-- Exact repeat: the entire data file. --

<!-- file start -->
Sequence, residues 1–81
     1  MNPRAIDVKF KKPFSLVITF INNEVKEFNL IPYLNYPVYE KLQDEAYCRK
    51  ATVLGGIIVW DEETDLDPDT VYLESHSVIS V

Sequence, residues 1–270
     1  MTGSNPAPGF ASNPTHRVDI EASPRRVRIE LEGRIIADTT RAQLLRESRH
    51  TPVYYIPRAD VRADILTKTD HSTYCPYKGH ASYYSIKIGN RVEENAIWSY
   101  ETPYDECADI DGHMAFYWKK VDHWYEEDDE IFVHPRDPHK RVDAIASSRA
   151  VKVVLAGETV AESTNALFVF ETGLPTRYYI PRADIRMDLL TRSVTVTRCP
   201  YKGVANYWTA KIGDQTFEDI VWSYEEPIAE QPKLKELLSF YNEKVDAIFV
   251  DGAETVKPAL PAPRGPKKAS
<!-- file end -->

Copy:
Sequence, residues 1–81
     1  MNPRAIDVKF KKPFSLVITF INNEVKEFNL IPYLNYPVYE KLQDEAYCRK
    51  ATVLGGIIVW DEETDLDPDT VYLESHSVIS V

Sequence, residues 1–270
     1  MTGSNPAPGF ASNPTHRVDI EASPRRVRIE LEGRIIADTT RAQLLRESRH
    51  TPVYYIPRAD VRADILTKTD HSTYCPYKGH ASYYSIKIGN RVEENAIWSY
   101  ETPYDECADI DGHMAFYWKK VDHWYEEDDE IFVHPRDPHK RVDAIASSRA
   151  VKVVLAGETV AESTNALFVF ETGLPTRYYI PRADIRMDLL TRSVTVTRCP
   201  YKGVANYWTA KIGDQTFEDI VWSYEEPIAE QPKLKELLSF YNEKVDAIFV
   251  DGAETVKPAL PAPRGPKKAS